So you’ve decided to start a food truck. You love food, and you want to share your love of it with others (and make some money while you do it). That’s a big decision, and it’s only the beginning. Before you realize your vision, there are a lot of things you’ll need to do first. One of those is to make sure your food truck is as efficient a workspace as it can be.
Choose Your Truck Size Wisely
The first thing you need to do is to decide what size your food truck is going to be. How much space you have will determine how you organize it. With the average size ranging from 14-34 feet, there’s a decent amount of variety here. You’ll need to think about what you intend to be making and serving, the equipment that requires, how many people will be working in the food truck, and how many customers you’re going to be serving. Choose wisely. Going too big or too small will cost you in terms of efficiency.
Keep Space in Mind When Choosing Equipment
Once you’ve chosen your truck size, you’ll need to choose your equipment accordingly. You only have so much room to work with, so don’t go getting the biggest and baddest of everything. Stick only with the equipment you need. Make sure the size of the equipment makes sense for both the space you have available and the quantity of food you’ll be serving. It doesn’t make sense to get a large deep fryer for frying up falafel when a countertop version will do the trick. Having the right equipment will go a long way towards creating an efficient workspace. You’ll have what you need and it won’t take up more space than it must, giving you more room to work.
Be Deliberate about Organization
Organization is one the keys to being efficient. You can’t have an efficient workspace if it’s in chaos. Think carefully about the flow of work in the kitchen here, and use that to help you design the layout of your food truck. This is where knowing your product and your process is crucial. Everything should be as streamlined as possible, from food prep to cooking to serving. Once you’ve got the layout figured out, be disciplined about keeping everything in its proper place and instill that discipline in others who work with you. That will help you not only start with an efficiently designed workspace, but keep it that way.
Be Smart about Storage
Limited space means limited storage. You need to store everything from dishes and equipment to the food and ingredients, but you have limited space to work with. You’ll need to be smart about using all your available space. Pull-out shelves in your cabinets can help you make the most of your space, which is invaluable in a food truck where storage space is extremely limited. Remember to think vertically too. You can probably store a few things overhead.
Avoid Having Too Many Cooks in the Kitchen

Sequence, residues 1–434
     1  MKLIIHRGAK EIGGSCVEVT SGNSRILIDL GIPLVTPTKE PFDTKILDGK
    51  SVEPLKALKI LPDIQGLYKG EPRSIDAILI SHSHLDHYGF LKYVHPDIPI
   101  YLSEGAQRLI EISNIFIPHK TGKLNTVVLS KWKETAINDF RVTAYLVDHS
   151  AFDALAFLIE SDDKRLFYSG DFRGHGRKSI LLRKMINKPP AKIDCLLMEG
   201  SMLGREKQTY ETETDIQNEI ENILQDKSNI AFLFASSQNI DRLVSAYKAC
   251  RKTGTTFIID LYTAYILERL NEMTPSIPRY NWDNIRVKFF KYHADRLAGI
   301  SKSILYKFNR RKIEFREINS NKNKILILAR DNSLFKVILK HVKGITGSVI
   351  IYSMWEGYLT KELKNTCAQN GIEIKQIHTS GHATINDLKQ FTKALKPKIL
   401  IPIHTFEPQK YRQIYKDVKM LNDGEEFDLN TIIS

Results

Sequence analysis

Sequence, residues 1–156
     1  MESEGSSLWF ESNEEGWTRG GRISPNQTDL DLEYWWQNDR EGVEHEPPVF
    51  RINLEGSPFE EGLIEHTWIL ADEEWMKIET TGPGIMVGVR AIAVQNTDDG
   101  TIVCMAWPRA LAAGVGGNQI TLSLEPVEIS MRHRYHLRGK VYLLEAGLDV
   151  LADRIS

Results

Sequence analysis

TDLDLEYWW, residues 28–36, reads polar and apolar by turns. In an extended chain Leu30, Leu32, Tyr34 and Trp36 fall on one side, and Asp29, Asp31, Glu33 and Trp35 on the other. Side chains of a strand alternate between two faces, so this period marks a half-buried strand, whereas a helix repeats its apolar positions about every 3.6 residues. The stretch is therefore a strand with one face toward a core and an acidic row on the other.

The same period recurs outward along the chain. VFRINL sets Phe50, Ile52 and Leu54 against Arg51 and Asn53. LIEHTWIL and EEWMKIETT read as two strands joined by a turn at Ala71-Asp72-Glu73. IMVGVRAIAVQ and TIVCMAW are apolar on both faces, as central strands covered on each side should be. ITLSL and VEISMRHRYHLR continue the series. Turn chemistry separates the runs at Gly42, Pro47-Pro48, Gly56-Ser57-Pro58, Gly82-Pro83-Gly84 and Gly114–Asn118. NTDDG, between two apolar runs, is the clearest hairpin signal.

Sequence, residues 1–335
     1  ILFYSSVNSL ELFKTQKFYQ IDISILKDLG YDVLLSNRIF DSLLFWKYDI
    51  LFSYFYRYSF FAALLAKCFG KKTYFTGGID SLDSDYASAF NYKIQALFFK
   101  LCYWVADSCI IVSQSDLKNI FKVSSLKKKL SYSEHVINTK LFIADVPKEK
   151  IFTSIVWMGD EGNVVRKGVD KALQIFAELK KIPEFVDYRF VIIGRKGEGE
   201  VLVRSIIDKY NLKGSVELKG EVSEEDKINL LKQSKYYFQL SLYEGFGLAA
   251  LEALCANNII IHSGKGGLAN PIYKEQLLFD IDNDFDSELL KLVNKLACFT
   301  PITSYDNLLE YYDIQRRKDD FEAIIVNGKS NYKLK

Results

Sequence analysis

Food trucks aren’t usually a one-man show. There are usually a handful of people working to keep up with orders and get food out in a quick, efficient manner. There’s a reason there’s a saying about there being too many cooks in the kitchen though. If you have too many people working in a small space, you’ll just be tripping over each other the whole time. You can’t work efficiently that way. Make sure the number of people you have working in your food truck makes sense for the space you have and the tasks that need to be done.
Keep It Clean
Cleanliness is crucial for food safety, personnel safety, and efficiency. You can’t work quickly and efficiently in a messy kitchen. You won’t be able to find things as easily as you need to. The frequency of mistakes will increase. The risk of injury rises too, and you’d better believe that injuries slow you down and reduce your efficiency. Make it a point to keep your food truck clean. It’s hard to overstate the importance of this one point.
Look for Alternative Spaces for Food Prep
Because you have pretty limited space in your food truck, food prep can be a little extra tricky if you’re only using your truck. Consider using alternative spaces for preparing your ingredients. You could use a commissary kitchen or rent a shared or private commercial kitchen. If you’re friends with people in your local restaurants, you might see if you can use their kitchen during less busy hours. Creating a partnership could be a good move for you here.
While it’s admittedly down the list a bit as far as things you need to do to get your food truck business off the ground, creating an efficient workspace still has a solid place on that list. You can’t expect to run a successful food truck with an inefficient space. If you’re not sure what to do or how to approach it, remember that you can always try talking to other food truck owners, observing them, and see what does and doesn’t work.